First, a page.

Vatican City, 9 June 2005 - As social and political tensions continue to run high in Bolivia, Caritas Bolivia has called on the Caritas Confederation for support and solidarity in dealing with their country's mounting humanitarian crisis. Protests have gained momentum over the last two weeks, with thousands of people descending on the nation's capital, La Paz, and outlying city, El Alto, demanding economic reforms and questioning control over the country's natural resources and moves towards regional autonomy. The country, one of the poorest in the world, is now faced with serious shortages of food, clean water, and fuel.
Caritas Bolivia and the Catholic Church are engaged in dialogue with the Bolivian government and leaders from social groups to find a peaceful solution to the conflict. Bolivian President Carlos Meza has offered up his resignation; however, the move has done little to improve the situation.
Caritas Bolivia is cooperating with the World Food Programme (WFP) to direct emergency food aid to the most vulnerable, namely children, the elderly, and the sick. The Diocesan Caritas of El Alto has also set out to identify needs stemming from the conflict. It is reported that hospitals in La Paz and El Alto urgently need food, oxygen, medicines, and supplies.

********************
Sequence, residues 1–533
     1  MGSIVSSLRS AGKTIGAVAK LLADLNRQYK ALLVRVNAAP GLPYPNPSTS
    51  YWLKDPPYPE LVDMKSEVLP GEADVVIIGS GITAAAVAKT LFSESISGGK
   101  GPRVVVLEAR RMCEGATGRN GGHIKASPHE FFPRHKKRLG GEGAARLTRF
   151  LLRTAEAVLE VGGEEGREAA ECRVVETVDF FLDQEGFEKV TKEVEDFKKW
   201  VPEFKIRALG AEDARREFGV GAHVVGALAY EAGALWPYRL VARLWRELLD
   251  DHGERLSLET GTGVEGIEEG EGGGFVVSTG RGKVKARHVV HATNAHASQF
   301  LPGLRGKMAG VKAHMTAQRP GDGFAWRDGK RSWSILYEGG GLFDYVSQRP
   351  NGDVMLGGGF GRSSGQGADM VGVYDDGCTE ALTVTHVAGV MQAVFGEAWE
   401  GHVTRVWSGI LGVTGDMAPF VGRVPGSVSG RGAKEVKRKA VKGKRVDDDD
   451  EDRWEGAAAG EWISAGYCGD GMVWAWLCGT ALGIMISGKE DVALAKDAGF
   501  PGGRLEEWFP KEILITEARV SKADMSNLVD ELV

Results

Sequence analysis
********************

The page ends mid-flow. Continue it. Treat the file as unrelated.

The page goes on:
An emergency appeal is being put together in the coming days by Caritas Bolivia aimed at providing basic food, medicines, and medical and electrical supplies to those affected in La Paz and El Alto. Caritas United States (CRS), Caritas Spain, and other member organisations have expressed their willingness to assist once an appeal has been launched.
Caritas Internationalis is a confederation of 162 Catholic relief, development, and social service organisations present in over 200 countries and territories.
For more information, contact:
Head of Communications, Caritas Internationalis
Tel: +39.06 698 797 24